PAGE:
An alliance of East Tennessee social activists debuts with a candidate forum featuring a roster of Democrats. (Republicans were invited.)
by jesse fox mayshark • october 8, 2018
gubernatorial candidate and former nashville mayor karl dean addresses the audience at a forum sunday sponsored by act-et. (photo by compass)
Taking the stage before a cheering crowd of several hundred people Sunday afternoon inside Cox Auditorium on the University of Tennessee’s Knoxville campus, former Nashville mayor and current gubernatorial candidate Karl Dean was ready to answer questions.
On the agenda: expanded healthcare, access to home loans, driver's licenses for immigrants.
The organizers of the event, which was billed as “Liberty and Justice for All: A forum for community engagement and action,” chose to keep things simple. Speaking on behalf of the Alliance for Community Transformation East Tennessee Strong & United (ACT-ET), the Rev. Jake Morill of Oak Ridge Unitarian Universalist Church asked just two things: Would Dean, as governor, work for the expansion of Medicaid? And would he support policies to make Tennessee a welcoming place for immigrants?
Dean’s answer to both was a resounding “Yes!”
ACT-ET is a relatively new alliance of religious, labor and immigrants’ rights organizations with a social justice focus. The forum Sunday was its first such event.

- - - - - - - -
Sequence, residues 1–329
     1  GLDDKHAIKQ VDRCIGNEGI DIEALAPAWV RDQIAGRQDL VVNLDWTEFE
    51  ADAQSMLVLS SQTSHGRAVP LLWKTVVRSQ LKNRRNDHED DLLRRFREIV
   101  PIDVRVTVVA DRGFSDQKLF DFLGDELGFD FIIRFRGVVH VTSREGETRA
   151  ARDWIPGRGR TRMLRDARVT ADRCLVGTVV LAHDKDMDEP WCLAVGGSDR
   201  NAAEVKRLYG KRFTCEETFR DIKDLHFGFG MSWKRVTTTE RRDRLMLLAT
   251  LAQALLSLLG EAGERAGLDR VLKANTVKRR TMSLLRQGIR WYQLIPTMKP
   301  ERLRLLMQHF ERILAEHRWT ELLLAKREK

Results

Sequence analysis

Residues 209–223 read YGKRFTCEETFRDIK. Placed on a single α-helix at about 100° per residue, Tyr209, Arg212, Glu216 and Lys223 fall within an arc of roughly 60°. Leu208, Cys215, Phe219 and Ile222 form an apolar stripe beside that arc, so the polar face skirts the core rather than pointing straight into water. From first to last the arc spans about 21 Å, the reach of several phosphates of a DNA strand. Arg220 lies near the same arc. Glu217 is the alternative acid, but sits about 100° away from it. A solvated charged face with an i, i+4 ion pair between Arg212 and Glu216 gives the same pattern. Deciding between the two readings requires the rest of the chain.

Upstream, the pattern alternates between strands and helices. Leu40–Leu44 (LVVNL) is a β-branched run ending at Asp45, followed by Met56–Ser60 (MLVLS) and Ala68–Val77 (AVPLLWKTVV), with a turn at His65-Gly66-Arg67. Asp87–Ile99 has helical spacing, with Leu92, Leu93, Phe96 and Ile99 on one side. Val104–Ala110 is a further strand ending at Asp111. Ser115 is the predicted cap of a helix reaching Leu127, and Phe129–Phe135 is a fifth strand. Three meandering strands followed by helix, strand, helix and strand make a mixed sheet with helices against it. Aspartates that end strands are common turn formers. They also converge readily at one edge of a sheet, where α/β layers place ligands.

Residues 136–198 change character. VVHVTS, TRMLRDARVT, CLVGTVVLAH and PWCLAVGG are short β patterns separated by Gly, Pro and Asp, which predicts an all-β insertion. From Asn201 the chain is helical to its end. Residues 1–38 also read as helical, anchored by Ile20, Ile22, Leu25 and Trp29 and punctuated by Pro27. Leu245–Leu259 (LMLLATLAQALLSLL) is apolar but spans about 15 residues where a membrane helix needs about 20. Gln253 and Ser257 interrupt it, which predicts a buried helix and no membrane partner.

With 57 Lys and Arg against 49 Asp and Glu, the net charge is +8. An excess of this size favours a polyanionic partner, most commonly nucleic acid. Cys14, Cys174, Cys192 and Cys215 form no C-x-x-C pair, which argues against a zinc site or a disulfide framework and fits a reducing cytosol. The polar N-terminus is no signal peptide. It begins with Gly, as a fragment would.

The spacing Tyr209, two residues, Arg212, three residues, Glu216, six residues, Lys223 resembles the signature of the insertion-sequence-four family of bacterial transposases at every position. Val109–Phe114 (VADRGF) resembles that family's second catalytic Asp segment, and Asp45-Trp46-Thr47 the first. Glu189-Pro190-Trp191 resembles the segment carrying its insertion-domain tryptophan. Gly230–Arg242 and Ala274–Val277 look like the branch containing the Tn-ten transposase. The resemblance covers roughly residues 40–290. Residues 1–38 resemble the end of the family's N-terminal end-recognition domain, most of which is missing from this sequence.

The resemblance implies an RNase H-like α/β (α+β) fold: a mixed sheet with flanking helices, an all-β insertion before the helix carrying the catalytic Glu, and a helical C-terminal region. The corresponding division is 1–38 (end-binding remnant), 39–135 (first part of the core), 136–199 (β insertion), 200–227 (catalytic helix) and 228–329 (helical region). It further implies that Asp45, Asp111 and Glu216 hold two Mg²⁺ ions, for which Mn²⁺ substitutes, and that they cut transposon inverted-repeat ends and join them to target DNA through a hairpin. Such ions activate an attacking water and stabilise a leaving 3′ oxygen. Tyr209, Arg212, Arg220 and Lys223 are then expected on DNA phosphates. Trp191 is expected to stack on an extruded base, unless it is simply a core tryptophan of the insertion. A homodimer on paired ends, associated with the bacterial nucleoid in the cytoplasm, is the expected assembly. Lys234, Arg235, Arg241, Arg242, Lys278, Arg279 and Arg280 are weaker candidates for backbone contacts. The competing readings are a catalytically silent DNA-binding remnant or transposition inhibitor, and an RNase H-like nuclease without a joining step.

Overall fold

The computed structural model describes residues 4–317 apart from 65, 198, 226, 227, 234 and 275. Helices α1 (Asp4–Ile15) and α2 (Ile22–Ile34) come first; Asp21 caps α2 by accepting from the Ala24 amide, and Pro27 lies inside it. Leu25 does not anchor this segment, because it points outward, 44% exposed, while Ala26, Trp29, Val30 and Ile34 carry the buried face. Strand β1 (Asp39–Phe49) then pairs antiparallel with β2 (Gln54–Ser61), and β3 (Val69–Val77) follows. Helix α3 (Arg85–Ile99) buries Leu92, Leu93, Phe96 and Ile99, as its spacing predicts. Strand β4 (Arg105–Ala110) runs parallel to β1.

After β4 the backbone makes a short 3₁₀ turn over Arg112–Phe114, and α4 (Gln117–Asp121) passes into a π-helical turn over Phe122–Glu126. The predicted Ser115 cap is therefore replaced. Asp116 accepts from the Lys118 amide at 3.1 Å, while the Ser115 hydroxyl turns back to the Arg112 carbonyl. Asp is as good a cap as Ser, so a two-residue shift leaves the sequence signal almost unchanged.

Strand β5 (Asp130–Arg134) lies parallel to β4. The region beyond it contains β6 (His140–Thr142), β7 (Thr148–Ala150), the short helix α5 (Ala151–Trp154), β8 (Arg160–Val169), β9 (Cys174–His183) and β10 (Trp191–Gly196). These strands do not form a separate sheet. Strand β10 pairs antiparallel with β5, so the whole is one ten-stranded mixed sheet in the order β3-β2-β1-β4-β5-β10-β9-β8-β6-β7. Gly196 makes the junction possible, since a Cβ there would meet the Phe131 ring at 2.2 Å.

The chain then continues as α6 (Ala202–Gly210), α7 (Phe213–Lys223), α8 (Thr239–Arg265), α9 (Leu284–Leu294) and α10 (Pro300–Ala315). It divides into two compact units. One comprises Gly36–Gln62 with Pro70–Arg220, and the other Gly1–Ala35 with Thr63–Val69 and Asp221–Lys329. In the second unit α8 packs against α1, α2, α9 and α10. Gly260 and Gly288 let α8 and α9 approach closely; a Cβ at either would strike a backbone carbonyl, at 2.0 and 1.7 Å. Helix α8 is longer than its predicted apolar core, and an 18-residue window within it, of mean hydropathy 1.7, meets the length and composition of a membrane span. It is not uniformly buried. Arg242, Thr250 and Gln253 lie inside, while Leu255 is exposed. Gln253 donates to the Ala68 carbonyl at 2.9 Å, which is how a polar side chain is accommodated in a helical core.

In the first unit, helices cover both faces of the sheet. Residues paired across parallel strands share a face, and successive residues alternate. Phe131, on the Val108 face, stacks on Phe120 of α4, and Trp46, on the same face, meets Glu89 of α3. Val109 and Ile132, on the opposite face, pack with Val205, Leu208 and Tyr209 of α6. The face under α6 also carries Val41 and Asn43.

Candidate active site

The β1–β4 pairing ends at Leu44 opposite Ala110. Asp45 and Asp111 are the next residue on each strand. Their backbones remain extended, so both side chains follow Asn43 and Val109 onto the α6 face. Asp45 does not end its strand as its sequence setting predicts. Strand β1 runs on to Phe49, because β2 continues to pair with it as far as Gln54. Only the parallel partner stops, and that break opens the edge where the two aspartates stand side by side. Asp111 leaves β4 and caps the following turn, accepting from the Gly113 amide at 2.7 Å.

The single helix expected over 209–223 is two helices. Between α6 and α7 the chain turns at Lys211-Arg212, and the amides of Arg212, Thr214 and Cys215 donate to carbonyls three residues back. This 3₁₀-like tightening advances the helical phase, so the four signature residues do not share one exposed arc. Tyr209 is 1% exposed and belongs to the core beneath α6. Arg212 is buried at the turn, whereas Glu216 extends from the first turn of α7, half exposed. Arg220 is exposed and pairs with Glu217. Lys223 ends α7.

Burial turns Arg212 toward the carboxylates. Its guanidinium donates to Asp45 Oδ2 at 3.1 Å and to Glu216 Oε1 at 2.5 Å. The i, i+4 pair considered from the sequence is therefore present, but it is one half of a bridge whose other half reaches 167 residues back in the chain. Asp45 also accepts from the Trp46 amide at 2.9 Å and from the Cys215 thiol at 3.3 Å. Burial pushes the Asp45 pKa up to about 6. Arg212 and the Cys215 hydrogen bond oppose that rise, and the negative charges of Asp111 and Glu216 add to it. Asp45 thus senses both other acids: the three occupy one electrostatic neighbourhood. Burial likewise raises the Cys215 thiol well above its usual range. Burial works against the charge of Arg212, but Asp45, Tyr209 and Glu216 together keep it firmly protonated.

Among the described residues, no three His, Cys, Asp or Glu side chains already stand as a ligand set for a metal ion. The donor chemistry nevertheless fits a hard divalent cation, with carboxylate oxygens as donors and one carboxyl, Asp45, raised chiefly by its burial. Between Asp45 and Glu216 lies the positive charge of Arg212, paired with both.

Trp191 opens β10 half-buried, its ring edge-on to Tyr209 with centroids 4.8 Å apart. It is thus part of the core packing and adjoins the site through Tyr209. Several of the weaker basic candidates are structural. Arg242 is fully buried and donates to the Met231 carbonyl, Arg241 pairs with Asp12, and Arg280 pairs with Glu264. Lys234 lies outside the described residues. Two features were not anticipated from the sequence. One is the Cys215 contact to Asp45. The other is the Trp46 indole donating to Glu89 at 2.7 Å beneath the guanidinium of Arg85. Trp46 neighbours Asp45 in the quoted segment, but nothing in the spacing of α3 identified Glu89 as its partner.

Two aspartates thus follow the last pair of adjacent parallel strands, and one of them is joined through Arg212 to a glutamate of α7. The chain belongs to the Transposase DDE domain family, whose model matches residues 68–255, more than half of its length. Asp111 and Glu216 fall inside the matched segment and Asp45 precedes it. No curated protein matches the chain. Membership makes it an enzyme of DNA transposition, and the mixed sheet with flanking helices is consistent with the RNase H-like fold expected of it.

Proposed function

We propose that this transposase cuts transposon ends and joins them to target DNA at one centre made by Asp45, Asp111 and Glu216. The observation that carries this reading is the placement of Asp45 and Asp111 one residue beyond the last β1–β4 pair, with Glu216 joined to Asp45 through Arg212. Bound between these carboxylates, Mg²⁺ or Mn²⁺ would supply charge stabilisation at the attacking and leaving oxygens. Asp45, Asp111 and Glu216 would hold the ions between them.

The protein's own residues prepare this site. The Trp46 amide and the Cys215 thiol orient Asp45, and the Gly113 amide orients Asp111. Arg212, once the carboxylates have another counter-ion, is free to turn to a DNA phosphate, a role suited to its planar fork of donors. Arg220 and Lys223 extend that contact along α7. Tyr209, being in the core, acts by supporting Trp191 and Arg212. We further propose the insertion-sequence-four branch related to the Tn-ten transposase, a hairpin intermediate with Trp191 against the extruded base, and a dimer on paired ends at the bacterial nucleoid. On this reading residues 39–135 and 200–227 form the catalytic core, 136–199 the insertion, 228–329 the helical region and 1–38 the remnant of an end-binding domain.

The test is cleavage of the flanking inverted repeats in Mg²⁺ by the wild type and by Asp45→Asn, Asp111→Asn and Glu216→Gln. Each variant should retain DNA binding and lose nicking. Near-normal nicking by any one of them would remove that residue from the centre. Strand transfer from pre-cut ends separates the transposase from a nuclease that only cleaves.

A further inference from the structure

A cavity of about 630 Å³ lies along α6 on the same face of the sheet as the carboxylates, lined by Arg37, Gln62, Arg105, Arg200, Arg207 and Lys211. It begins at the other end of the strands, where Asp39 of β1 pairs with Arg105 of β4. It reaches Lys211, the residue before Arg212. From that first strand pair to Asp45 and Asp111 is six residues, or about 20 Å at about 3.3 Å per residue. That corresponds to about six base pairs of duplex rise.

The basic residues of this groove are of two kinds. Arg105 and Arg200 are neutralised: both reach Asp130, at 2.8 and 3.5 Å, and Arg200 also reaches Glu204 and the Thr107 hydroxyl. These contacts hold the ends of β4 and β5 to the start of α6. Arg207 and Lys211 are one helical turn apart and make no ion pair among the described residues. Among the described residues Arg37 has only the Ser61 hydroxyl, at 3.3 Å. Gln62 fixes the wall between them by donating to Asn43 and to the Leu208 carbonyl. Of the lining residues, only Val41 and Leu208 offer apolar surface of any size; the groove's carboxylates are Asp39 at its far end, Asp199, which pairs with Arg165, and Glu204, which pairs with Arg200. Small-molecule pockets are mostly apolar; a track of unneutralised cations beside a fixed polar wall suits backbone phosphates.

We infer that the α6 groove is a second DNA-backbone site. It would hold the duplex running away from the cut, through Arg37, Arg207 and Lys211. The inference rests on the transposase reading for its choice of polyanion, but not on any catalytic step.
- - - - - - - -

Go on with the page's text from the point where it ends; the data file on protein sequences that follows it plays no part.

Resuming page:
Addressing a diverse audience that included dozens of Latino families, Dean went on to talk about fighting off an effort in 2009 to make English the official language of Nashville. (The referendum read, in part, “Official actions which bind or commit the government shall be taken only in the English language, and all official government communications and publications shall be in English.”)
“When people come to the United States and they pick Knoxville, or Nashville, or Memphis to make it their home, that is the highest compliment anybody could ever give us,” Dean said, prompting another round of applause.
Dean was top of the bill for the forum, which included welcoming remarks from Knoxville Mayor Madeline Rogero and appearances by most of the Democratic candidates up for state and federal offices: Renee Hoyos, running in the 2nd Congressional District, and Diane Mitchell, running in the 3rd; state Senate candidate Jamie Ballinger; and state House candidates Gloria Johnson, Kate Trudell, Greg Mackay, Edward Nelson, Coleen Martinez, and Richard Dawson of Oak Ridge. Also in attendance were Knox County school board member Jennifer Owen and City Councilwoman Seema Singh-Perez.
Republican candidates were invited, but none came.
Jenni Keeler, co-chair of ACT-ET, said, “We were sad about that. We did ask Republican candidates to come, and we’d be happy to hear independent candidates. One of the things we do, coming from different faiths, we agree that there are some issues we’re not going to agree on.”
The coalition includes Oak Ridge Unitarian Universalist Church and the Tennessee Valley UUC in Knoxville; St. Mary’s Catholic Church of Oak Ridge; Immaculate Conception Catholic Church in Knoxville; FISH Hospitality Pantries; the local chapter of the AFL-CIO; Muslim Community of Knoxville; SEEED, and others.